Polymerase Chain Reaction (PCR)

Polymerase Chain Reaction (PCR)

Preventing PCR Contamination One Reaction at a Time

Polymerase chain reaction or PCR was first described in its modern form in 1985. Today, PCR is one of the most widely used laboratory techniques for DNA amplification and has become a valuable tool across multiple disciplines from infectious disease and molecular biology to paleontology. Many credit PCR as one of the major advancements required for the birth of biotechnology. Modifications to the original workflow and advances in technology has not only improved PCR performance, but led to the development of techniques for DNA quantitation (qPCR and digital droplet PCR) and RNA amplification (RT-PCR) and quantitation (qRT-PCR) as well.

The Steps of PCR

The utility of PCR, in any form, stems from its specificity, efficiency, and sensitivity. Specificity in PCR reactions is dictated by the sequence of primers or short single-stranded pieces of DNA that are complementary to the beginning and/or end portions of the target DNA sequence to be amplified or copied. Primers are utilized in pairs such that one is complementary to and binds to the beginning of the target DNA sequence and the second binds to the end. To prepare a reaction for PCR, primer pairs are mixed with the DNA sample to be amplified, free oligonucleotides, and DNA polymerase enzyme in a buffered salt solution. Once mixed, amplification of the target DNA sequence can begin using a 3-step temperature-dependent cycle (Figure 1). The first PCR cycle is started by heating the reaction to a high temperature, which denatures or separates the two strands of sample DNA. The reaction is then cooled to allow the primers to bind or anneal to the complimentary sequences within the sample DNA. The annealed primers create a small double-stranded portion of DNA that acts as a scaffold for DNA polymerase binding. Once bound, DNA polymerase adds oligonucleotides to the end of each annealed primer using the single-stranded target DNA as a template. This effectively creates a total of two copies of the target DNA at the end of the first PCR cycle. This cycle is typically repeated 30-40 times to create millions of copies of the target DNA within a few hours.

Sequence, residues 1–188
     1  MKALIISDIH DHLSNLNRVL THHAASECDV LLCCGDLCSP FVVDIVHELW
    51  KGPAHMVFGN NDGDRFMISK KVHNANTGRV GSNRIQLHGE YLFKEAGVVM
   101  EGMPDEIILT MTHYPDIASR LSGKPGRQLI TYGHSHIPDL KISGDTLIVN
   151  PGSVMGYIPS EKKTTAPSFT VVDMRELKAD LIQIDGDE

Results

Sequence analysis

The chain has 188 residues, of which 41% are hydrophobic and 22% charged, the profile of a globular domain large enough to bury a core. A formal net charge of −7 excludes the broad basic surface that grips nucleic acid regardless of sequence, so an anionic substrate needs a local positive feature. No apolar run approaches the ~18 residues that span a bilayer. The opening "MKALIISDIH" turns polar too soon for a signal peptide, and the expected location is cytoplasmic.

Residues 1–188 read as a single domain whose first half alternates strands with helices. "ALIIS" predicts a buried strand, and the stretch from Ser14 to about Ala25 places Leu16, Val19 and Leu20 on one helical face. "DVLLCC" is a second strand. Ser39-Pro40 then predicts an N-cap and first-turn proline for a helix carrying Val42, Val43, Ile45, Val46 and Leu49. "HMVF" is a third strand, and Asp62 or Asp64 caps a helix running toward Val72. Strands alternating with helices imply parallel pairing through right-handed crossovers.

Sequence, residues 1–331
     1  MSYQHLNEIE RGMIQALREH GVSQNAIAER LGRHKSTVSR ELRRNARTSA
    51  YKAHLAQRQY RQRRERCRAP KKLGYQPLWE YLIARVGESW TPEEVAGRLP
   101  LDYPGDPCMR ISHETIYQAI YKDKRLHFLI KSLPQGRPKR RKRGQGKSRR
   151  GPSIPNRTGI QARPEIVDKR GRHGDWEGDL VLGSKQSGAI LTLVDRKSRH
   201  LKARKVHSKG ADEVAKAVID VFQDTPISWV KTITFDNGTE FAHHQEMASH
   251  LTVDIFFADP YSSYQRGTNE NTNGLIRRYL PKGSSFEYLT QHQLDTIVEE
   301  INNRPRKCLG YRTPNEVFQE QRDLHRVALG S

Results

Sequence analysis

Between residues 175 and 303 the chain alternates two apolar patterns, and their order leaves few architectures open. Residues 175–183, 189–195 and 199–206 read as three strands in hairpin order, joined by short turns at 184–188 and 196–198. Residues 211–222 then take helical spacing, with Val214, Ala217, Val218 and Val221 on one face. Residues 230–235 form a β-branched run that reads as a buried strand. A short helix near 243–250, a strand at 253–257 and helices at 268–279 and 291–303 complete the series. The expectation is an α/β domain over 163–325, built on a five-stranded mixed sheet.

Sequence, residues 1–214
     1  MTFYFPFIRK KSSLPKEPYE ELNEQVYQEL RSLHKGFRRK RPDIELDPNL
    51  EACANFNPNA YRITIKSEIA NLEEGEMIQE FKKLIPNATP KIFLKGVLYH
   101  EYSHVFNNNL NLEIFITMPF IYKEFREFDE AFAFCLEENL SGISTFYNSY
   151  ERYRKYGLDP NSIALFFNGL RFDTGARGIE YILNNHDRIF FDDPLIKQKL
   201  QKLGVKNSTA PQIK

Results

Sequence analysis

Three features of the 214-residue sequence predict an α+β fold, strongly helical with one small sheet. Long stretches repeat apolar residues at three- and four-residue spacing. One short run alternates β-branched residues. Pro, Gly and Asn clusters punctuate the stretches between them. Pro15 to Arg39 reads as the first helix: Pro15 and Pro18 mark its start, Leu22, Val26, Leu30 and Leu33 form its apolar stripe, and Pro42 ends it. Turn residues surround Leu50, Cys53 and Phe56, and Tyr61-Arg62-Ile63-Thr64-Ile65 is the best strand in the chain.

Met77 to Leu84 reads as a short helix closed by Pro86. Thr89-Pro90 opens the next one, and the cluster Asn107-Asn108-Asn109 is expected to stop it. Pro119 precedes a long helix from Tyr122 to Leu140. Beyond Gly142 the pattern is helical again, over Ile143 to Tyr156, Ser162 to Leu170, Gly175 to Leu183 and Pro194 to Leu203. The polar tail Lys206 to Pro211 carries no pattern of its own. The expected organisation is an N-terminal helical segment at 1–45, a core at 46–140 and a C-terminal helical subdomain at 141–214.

Figure 1. PCR amplifies DNA in a three-step process. 1) Denaturation: double-stranded DNA from the sample is denatured into two single strands, 2) Annealing: the complementary primer pair binds to the target DNA sequence within the sample DNA, 3) Extension: DNA polymerase adds free oligonucleotides to the end of each primer to create two double-stranded copies of the target DNA sequence.

Sensitivity: A Double-edged Sword

The ability to create millions of copies of a single DNA/RNA molecule makes PCR a powerful and sensitive tool. However, it also makes it susceptible to contaminating environmental DNA, which can be amplified during the PCR workflow in the same manner as the target molecule. The need for annealed primers for DNA polymerase binding lends some protection from amplification of contaminating DNA, but primer binding does not require perfect complementarity to a DNA sequence for annealing to occur. Mismatches between the primer and target sequence will lead to less efficient primer binding and subsequently less efficient amplification, but even inefficient background amplification can lead to issues with downstream sample analyses, especially when quantitation is required. Environmental, operator, and/or reagent contamination often leads to false positives in qPCR or qRT-PCR experiments, making interpretation of the results nearly impossible. An added challenge associated with RNA amplification and quantitation is RNase contamination. RNase, an enzyme that degrades RNA, is prevalent in on the human skin and lab environment; contaminating lab benches, solutions, pipets etc. RNA samples contaminated with RNase can be completely degraded within minutes rendering the sample unusable. Together these challenges highlight the need to include proper experimental controls and prevent sample and PCR contamination to obtain accurate results.

Preventing PCR Contamination

When preparing PCR samples, operators should always don the appropriate personal protective equipment to protect themselves, as well as the sample. Sample preparation, nucleotide isolation, and PCR reaction mixing should always be carried out in a clean area using reagents suitable for molecular biology applications (e.g. RNase and DNase free). To prevent contamination from the lab environment, reactions can be set up in a laminar flow hood with a vertical laminar flow. The hood draws in air from the top of the hood and through a high efficiency particulate air (HEPA) filter. The filtered air then flows down to the workspace and finally out through the front sash near the operator. Alternatively, a dead air box which provides an area of circulation-free air can be used to prevent contamination of PCR samples. It is important to note that dead air boxes and laminar flow hoods provide no operator protection and should not be used for applications where operator safety is a concern. Opening and using reagents within a laminar flow hood or dead air box can also help to prevent reagent contamination to reduce waste. The use of PPE, appropriate reagents, engineering controls, along with proper technique can help prevent PCR contamination to ensure results are both accurate and reliable.

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